Shropshire Innovation Centre site update – 21st May 2021
The recent rain has been much needed for development of winter crops and the recently planted spring crops. It came just in the nick of time for the winter wheat crops before they suffered irreversibly from the dry, cold weather in April. Temperatures remain low for the time of year which has slowed the development of disease but there is plenty of Septoria tritici on lower leaves in susceptible varieties.
The heavy rain we have been getting as well as the wind will be spreading disease up through the canopy by rain splash but also by direct contact of infected leaves. Many growers reduced their inputs when crops were stressed and development was very slow, in some cases crops have had reduced T1 applications meaning disease has a chance to infect leaves further up the canopy which had less protection. It is important that the T2 timing is targeted at a fully emerged flag leaf to give the best protectant activity from the fungicides available, a persistent SDHI such as solatenol should be considered during high risk periods as well as newer available chemistry. A multi-site fungicide should also be included to help prevent disease reaching the flag leaf but also to help with resistance management.
At our Shropshire Innovation Centre we have a wide range of fungicide trials looking at a number of new and existing actives against Septoria tritici, and we are also looking at novel ways to help reduce disease build up using cultural control methods. The commercial crop of September drilled KWS Barrel, which is very susceptible to Septoria tritici, is now approaching its T2 application timing with the flag leaf 10% emerged at the last visit. The lifecycle of the disease can take between 14-28 days; depending on temperatures, between the infection of a leaf and it being visible. We have been using rapid DNA sampling tests to assess disease levels in the leaf before symptoms become visible. As we would expect different varieties are carrying varying levels of disease with the likes of Graham and KWS Extase having much less infection than varieties such as KWS Barrel and Wolverine. We are also looking at the cultural control measures that can be implemented to reduce disease risk, drill date being a major factor for Septoria tritici susceptibility, the mid October drilled plots are carrying much less disease inoculum than the equivalent September drilled plots. Trials looking at variety blends and mixing different susceptibilities together is currently showing very little difference, but we will monitor disease levels to capture potential benefits. A trial looking at intercropping with legumes is trying to provide evidence whether mixing canopy structures and increasing soil cover under the wheat crop may help reduce rain splash of disease up through the canopy.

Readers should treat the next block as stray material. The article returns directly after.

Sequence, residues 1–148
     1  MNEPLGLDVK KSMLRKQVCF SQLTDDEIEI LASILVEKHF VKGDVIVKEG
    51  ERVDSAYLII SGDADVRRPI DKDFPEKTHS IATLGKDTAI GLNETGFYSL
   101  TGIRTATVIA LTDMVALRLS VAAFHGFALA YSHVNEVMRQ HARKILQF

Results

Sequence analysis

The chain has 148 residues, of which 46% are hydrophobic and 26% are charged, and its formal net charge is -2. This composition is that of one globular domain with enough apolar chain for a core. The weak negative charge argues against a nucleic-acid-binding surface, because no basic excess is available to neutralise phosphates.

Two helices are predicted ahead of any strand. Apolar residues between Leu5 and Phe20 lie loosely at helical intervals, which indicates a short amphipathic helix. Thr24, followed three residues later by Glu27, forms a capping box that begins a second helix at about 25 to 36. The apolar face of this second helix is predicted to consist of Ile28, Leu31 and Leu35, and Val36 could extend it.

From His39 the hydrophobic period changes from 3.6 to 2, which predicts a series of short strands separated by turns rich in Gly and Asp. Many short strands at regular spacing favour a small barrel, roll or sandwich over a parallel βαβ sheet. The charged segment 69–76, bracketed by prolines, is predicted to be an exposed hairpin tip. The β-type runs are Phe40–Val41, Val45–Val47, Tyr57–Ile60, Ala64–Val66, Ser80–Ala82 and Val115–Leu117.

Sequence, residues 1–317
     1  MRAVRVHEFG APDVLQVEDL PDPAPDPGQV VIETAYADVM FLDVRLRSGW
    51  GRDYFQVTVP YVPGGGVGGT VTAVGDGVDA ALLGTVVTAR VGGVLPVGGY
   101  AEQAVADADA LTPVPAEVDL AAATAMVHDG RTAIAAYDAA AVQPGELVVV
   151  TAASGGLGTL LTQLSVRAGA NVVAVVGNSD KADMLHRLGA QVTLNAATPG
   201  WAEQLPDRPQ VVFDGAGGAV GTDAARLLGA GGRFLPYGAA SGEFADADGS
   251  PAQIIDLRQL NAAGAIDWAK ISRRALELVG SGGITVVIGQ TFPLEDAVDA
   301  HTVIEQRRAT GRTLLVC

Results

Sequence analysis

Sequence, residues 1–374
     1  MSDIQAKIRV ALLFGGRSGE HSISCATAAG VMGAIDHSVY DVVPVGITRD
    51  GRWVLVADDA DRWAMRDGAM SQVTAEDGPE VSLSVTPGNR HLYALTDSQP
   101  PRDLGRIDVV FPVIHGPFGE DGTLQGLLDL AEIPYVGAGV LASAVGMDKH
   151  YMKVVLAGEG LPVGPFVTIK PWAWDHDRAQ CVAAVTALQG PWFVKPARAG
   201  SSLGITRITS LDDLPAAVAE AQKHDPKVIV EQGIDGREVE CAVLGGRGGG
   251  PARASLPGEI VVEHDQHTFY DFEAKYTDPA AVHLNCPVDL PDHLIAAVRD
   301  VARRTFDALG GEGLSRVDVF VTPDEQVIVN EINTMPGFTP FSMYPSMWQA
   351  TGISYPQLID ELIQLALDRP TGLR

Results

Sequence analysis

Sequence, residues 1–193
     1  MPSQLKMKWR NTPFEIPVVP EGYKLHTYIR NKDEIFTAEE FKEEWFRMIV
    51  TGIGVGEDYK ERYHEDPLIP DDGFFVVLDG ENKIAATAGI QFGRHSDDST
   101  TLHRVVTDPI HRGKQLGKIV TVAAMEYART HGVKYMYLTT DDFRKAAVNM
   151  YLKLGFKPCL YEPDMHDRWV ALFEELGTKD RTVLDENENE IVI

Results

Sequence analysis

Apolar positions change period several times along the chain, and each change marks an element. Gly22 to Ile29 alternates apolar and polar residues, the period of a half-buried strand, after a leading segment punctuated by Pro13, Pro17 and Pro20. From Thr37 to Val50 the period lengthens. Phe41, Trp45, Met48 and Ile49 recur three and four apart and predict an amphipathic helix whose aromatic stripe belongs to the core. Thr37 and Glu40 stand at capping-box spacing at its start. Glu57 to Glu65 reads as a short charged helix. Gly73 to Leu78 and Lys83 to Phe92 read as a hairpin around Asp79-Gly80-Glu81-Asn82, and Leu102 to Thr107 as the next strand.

We are also looking at trials with disease control in winter barley at the site, primarily Rhynchosporium and Net blotch but Ramularia may also be an important disease later on. All sprays have now been applied to trials in the commercial crop of September drilled KWS Tower. The final fungicides were applied this week at GS49-55 with ears emerging, this allows good protection of the ear and awns which are important for building yield in barley. Disease levels are currently moderate with 10% leaf area infected on final leaf 3 and below with Rhynchosporium; which as with Septoria will be spread up through the canopy by rain splash. Other trials at the site are looking at seed treatment options with some good differences in rooting between Vibrance Duo treated crops and single purpose dressings. Barley yellow dwarf virus has been an important factor for growers this year with some symptoms being picked up generally on single plants from primary aphid infection but insecticide applications or autumn temperatures slowing any further infections.
We have also drilled a range of alternative spring cropping options to help with discussions around extending rotation for soil health and reducing pest incidence. All plots have emerged very well with some unusual additions such as green lentils and chickpeas. A strip of Operation Pollinator Bees ‘n’ Seeds mix has also been established along one side of the trial site; under fleece initially due to cold weather, to highlight our subsidiseded mixtures that are available.